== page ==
The slippery slope argument was persuasive to the entire panel of the Superior Court who recently issued a six to three opinion and found that psychological damage to a property cannot be considered a material defect in the property which must be revealed by seller to buyer.   In reaching this conclusion, the majority of the Court noted that certainly, in the age of the internet, the modern homebuyer has a powerful tool to uncover the notorious history of a house or neighborhood.  

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The Anatomy of a Refinance

Just when you think interest rates are the lowest they've ever been, they drop again. This past year has seen such low rates that people are increasingly considering refinancing their mortgages. Refinancing has many advantages, including lowering monthly payments, the possibility of paying off your mortgage earlier, and the potential to eliminate private mortgage insurance (PMI).

Suppose you owe $180,000 on your 30-year mortgage and your interest rate is 6.0%. By refinancing at 3.75%, your monthly principal and interest payments would drop from $1,079.19 to $833.61. Also, if you financed your home with a loan that required less than 20% down, you could eliminate your monthly PMI payment, depending on an appraisal and your principal balance. Refinancing in this situation would dramatically reduce your monthly mortgage payment.

The two biggest decisions you make when refinancing your home are choosing your bank and the title company. Banks' underwriting fees can vary greatly, as can their interest rates. Many people will look solely at the monthly payments when making this decision; however, consider the amount of time it would take to make up the difference of a $25 monthly payment if the bank with a lower interest rate had an origination charge that was $2,000 higher than another (without considering the time value of money, that's 80 months, or almost 7 years). Keep in mind that in addition to origination fees, there are the additional costs of the bank obtaining your credit report, an appraisal and tax certifications.

In addition to selecting a lender, you also have the ability to select a title company. Banks require title insurance to be obtained on their mortgages, and this requires a title company to issue the insurance. Many borrowers do not know they have the ability to choose their title company. While the price of the title insurance premium is set by the state and therefore will not vary between title companies, the service a borrower receives will. Some title companies offer the added benefit of a lawyer reviewing and explaining your loan documents and answering any questions you may have at closing.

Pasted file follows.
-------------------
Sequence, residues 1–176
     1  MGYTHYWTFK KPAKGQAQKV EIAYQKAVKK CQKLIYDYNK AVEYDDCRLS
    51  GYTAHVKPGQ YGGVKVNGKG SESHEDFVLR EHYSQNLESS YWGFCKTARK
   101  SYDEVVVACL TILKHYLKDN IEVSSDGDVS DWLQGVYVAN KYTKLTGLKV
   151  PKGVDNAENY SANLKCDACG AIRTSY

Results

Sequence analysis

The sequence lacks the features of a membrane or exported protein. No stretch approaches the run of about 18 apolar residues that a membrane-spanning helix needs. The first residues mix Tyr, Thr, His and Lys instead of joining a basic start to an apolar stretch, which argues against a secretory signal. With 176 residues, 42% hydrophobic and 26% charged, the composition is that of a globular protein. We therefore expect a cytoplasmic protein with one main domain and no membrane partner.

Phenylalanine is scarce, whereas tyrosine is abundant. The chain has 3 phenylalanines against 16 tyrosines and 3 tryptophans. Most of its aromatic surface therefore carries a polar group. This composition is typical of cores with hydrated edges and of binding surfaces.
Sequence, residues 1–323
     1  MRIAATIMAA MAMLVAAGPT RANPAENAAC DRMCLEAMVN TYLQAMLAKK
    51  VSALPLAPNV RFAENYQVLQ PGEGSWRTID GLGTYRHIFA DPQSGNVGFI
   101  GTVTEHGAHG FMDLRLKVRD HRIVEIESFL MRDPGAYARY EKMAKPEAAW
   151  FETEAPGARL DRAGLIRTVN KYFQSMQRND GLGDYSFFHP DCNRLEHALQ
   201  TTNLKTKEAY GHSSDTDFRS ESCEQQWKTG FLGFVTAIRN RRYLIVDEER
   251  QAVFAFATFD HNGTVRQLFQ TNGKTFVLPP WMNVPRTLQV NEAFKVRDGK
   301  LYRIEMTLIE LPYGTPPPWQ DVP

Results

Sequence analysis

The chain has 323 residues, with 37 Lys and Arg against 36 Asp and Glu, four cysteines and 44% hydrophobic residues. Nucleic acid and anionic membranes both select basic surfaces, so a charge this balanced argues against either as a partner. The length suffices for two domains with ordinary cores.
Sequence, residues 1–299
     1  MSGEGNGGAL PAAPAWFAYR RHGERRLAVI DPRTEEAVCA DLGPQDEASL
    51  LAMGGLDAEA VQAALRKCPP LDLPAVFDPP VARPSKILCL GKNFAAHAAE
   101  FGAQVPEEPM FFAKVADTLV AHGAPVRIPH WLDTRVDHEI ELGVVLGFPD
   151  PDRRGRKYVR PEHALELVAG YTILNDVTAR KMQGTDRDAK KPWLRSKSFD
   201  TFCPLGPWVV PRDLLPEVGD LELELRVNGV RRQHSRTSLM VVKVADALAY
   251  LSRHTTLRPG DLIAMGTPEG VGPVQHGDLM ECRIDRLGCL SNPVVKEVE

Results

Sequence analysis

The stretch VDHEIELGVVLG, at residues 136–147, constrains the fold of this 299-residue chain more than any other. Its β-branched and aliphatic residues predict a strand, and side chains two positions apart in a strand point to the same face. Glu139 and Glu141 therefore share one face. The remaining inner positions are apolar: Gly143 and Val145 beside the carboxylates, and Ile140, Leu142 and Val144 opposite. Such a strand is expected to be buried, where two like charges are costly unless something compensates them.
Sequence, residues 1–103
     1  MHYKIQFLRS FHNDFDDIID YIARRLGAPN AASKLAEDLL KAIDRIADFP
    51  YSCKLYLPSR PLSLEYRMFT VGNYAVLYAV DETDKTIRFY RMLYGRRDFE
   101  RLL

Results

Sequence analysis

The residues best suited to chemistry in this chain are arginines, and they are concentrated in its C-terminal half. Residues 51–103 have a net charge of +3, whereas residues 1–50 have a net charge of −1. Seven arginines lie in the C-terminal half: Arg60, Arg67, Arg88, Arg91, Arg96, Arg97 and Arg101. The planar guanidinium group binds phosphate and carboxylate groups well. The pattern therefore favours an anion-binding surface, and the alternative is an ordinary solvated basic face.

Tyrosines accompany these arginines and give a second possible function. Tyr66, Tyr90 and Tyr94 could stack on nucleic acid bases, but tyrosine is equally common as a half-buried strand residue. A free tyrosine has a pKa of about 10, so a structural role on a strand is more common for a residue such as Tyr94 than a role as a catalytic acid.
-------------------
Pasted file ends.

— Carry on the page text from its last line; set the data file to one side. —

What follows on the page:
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Lancaster County Real Estate Taxes: Making Sense of Common Level Ratios and Millage Rates

Only 19 days left to challenge tax assessments. In Lancaster County, all appeals of the assessment must be filed by August 1, 2012. An appeal filed after that date will be heard in 2013. 

New common level ratio (CLR) numbers are in place for the period 7/1/12 - 6/30/13. Lancaster County's CLR dropped from last year's 1.31 to 1.27. In addition, total tax millage rates now include 2012-2013 school district tax rates. This information is relevant in deciding whether to file an assessment appeal. CLR is the factor applied to the assessment that reflects the ratio between assessment value and fair market value. For example, an assessment of $100,000 infers a fair market value of $127,000 [$100,000 times 1.27]. Residential and commercial property owners can multiply the assessment by the CLR to see if the fair market value is accurate. If not, an assessment appeal may be in order. 

The millage rates determine the total annual property tax load. The first three digits of your property account number correspond to the municipality in which it is located.  Assuming the property with the $100,000 assessment is in Manheim Township, line 390 tells you that Manheim Township residents pay a total of 24.0285 mills annually, representing annual total taxes of $2,403.

You can find your property's account number and check your property's assessment online. In addition, the account number is listed on the school district real estate tax notice.

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What Do You Mean, My House is Haunted?

Buyers want to make an informed decision when they purchase a house because their home is where they spend most of their time. Unfortunately, it is impossible to know the entire history of any particular property. Unwelcome "surprises" may lurk behind walls or under carpets and remain undiscovered until remodeling time. That is why looking over the seller's disclosure statement, ordering a property inspection and obtaining title insurance are such important steps in the home buying process.

Buyers use all of their senses in choosing a property. The first step while walking through the home is to look for problems. Smelling mold or smoke can deter some homebuyers, as can feeling extreme dampness in the air or hearing floors and windows rattle in the wind. All of this can help, but what about the sixth sense?

Very few people want to buy a house that is supposedly "haunted." (Yes, there are some who consider supernatural activity a selling point; see Haunted Real Estate is Scary Good Investment.) Realtors know that homes adjacent to cemeteries, on top of ancient burial ground or with disturbing histories, otherwise known as stigmatized properties, can be difficult to sell. In Pennsylvania, a three judge panel of the Superior Court recently decided that a jury may determine if a home seller is required to disclose a murder/suicide as a substantial defect in a home.

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It Takes a Village: Pastors and the Law